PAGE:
A Brief History of the Church
The first church was built here around 1130, probably using stones from Hadrian’s Wall. It was much smaller than the present building and the only remaining feature from this time is one rounded Norman window arch in the chancel.
The tower was added around 1230 and then the north aisle around 1350, which was paid for by a corn merchant named William Hutton. This was followed by the south aisle and the north transept, which is unusual in that it contains a side-aisle. Sometime in the 13th century a cell was built on the north side of the chancel to house an anchorite. You’ll see the cross-shaped squint high on the chancel wall through which she or he could see the altar.
In 1451 a wealthy lawyer named Robert Rodes paid for a series of renovations, including the raising of the nave walls with clerestory windows, the building of the south transept, rebuilding of the south aisle and the vaulted ceiling under the tower where his coat of arms can be seen. By the end of the fifteenth century the church looked very much as it does today.
With the exception of the fragments of medieval glass in the north wall of the chancel and the Percy Shield, most of the stained glass dates from the 19th and 20th centuries. Much of the former was produced by the renowned Victorian glassmaker William Wailes, whose workshop was in the parish.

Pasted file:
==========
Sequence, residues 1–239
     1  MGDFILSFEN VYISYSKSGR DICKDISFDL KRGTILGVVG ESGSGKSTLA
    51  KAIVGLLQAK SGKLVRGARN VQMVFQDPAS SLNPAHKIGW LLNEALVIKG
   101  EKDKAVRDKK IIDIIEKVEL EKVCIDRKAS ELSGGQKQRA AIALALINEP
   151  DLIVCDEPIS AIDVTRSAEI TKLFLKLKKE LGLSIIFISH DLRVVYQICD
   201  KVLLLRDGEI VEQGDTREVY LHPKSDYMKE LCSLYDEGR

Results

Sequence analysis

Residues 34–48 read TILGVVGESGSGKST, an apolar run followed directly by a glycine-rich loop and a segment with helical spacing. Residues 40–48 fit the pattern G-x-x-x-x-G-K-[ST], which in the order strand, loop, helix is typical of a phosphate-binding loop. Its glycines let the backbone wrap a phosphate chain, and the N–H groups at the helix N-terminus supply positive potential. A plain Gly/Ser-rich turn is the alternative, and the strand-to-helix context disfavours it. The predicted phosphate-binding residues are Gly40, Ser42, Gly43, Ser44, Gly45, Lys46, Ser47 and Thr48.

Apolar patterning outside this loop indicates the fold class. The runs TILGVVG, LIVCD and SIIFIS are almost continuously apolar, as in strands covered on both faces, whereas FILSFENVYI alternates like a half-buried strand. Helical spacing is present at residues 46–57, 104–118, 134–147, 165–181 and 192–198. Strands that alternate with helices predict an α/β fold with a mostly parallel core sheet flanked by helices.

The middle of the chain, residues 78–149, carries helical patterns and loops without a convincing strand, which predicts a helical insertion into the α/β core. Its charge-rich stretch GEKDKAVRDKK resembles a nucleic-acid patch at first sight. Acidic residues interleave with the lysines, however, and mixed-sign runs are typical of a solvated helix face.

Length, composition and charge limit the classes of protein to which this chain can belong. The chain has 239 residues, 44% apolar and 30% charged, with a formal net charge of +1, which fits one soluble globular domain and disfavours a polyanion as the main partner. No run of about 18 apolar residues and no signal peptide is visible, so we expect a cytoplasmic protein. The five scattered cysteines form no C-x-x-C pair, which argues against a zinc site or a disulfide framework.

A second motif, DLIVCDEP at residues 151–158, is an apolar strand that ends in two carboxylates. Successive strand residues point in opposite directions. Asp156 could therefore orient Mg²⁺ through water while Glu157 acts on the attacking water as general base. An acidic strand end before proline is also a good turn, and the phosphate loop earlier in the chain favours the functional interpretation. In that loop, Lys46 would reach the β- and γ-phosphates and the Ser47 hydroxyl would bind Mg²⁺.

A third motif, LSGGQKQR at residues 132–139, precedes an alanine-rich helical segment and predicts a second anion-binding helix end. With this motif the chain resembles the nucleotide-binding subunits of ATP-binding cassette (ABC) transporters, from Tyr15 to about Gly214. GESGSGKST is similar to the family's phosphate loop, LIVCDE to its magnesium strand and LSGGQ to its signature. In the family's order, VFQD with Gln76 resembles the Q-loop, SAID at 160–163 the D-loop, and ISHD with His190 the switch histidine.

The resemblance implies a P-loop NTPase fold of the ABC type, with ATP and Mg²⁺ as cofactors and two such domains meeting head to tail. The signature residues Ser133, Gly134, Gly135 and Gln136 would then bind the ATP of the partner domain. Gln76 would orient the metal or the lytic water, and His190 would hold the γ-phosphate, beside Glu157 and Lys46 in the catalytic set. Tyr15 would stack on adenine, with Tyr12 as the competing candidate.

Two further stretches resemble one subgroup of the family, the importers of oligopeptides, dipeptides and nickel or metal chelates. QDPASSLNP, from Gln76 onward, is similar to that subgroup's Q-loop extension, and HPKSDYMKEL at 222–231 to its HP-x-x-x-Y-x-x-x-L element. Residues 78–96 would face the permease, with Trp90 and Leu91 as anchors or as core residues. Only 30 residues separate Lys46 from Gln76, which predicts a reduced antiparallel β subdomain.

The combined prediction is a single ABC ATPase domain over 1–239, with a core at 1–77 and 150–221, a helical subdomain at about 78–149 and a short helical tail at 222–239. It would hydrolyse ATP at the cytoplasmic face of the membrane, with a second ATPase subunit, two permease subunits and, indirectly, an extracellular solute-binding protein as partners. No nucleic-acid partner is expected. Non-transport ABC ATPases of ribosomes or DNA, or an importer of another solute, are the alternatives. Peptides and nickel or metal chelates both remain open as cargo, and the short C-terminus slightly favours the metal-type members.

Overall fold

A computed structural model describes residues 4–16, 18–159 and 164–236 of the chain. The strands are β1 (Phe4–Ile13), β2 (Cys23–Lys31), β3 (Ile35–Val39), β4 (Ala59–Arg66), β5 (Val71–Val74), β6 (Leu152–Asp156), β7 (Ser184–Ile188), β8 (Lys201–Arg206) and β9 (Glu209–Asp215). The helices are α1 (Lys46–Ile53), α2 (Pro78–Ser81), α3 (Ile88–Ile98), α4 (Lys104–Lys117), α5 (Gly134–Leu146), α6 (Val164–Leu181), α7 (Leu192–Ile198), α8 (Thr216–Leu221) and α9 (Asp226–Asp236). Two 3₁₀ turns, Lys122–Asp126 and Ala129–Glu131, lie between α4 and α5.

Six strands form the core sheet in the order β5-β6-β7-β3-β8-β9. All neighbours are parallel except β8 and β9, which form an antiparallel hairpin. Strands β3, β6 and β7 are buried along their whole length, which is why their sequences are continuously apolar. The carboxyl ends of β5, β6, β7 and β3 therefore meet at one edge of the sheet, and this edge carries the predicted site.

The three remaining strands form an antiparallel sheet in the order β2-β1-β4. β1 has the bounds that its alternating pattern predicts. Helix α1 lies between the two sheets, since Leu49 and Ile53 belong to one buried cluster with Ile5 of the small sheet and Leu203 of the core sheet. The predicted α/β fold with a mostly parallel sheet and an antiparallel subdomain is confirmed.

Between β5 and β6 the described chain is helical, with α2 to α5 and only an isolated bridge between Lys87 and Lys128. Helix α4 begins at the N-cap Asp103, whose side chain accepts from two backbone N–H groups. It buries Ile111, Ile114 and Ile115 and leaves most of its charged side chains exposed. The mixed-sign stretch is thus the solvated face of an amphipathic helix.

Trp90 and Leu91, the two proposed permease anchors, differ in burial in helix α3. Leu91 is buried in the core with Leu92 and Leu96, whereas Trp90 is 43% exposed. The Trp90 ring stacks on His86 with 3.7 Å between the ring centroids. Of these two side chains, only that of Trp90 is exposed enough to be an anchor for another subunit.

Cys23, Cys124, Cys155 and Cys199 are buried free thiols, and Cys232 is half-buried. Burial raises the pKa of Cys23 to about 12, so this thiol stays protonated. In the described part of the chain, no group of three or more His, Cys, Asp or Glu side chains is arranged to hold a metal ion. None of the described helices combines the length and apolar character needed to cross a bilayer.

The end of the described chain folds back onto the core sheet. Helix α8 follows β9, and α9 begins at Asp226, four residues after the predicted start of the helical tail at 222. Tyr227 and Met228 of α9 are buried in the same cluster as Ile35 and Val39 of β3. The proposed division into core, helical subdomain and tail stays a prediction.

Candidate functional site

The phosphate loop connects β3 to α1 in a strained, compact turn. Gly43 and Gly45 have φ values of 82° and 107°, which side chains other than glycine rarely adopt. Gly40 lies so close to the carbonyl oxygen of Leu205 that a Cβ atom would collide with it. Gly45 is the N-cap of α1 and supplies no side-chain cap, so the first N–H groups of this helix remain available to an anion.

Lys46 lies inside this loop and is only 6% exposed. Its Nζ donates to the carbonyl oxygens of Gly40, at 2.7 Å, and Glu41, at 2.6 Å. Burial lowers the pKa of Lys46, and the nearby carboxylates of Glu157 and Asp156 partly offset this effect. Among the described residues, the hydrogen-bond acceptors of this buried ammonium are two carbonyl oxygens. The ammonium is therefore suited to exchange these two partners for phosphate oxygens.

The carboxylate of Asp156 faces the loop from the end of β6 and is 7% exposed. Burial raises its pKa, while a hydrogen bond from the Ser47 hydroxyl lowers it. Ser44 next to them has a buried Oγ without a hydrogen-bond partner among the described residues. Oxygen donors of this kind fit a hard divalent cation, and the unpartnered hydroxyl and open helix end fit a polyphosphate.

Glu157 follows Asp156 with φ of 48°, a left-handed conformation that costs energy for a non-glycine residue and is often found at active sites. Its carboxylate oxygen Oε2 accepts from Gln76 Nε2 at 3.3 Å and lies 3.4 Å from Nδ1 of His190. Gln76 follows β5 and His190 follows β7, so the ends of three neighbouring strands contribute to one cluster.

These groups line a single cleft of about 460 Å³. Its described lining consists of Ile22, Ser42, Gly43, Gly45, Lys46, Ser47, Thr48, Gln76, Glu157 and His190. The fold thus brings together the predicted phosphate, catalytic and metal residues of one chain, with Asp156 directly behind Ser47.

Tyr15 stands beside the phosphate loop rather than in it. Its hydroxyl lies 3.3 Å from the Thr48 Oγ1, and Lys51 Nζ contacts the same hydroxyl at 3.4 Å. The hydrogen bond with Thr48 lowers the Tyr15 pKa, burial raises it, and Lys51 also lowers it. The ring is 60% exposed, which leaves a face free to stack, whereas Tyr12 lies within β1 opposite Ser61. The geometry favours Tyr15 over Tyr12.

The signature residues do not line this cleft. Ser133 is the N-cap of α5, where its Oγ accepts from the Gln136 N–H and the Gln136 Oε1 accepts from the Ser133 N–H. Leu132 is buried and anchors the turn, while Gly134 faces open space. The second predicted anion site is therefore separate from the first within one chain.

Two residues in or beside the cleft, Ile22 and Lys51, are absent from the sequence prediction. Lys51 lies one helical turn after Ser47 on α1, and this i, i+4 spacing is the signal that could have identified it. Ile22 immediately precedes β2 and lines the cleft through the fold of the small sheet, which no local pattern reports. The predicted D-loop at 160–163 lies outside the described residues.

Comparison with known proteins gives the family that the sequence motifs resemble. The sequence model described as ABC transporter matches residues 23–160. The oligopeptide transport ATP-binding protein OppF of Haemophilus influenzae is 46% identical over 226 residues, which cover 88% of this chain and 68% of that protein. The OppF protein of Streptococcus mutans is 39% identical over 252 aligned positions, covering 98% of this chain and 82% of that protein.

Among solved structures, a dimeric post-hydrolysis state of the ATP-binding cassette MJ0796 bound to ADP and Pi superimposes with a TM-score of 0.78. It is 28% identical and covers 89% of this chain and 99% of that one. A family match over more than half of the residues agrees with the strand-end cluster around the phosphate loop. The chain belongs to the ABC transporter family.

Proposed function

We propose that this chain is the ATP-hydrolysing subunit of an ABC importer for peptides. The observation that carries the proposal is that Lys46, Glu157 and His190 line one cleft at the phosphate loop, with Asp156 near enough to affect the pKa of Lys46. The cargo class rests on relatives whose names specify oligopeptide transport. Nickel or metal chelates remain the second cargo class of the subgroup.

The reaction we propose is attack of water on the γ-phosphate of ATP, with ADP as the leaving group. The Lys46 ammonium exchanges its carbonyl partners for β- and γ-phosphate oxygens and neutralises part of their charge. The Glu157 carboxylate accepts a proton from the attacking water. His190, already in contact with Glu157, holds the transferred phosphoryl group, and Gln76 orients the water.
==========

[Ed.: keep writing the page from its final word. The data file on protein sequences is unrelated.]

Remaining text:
A number of important local historic figures have been associated with St John’s, including 18th century composer Charles Avison (1709-1858), 19th century medical pioneer John Snow (1813-1858), neo-classical builder Richard Grainger (1797-1861) and renowned engraver Thomas Bewick (1753-1828).
Other features include the fine organ by Harrison and Harrison of Durham, which was built in 1909, and the high altar by Charles Nicholson, which was installed in the same year. The choir stalls in the north transept were made in 1937 by Robert ‘Mousey’ Thompson of Kilburn.
The church was re-ordered in 1971, with the removal of the old choirs stalls and panelling from the chancel and the introduction of a nave altar and the wrought iron screen across the chancel arch.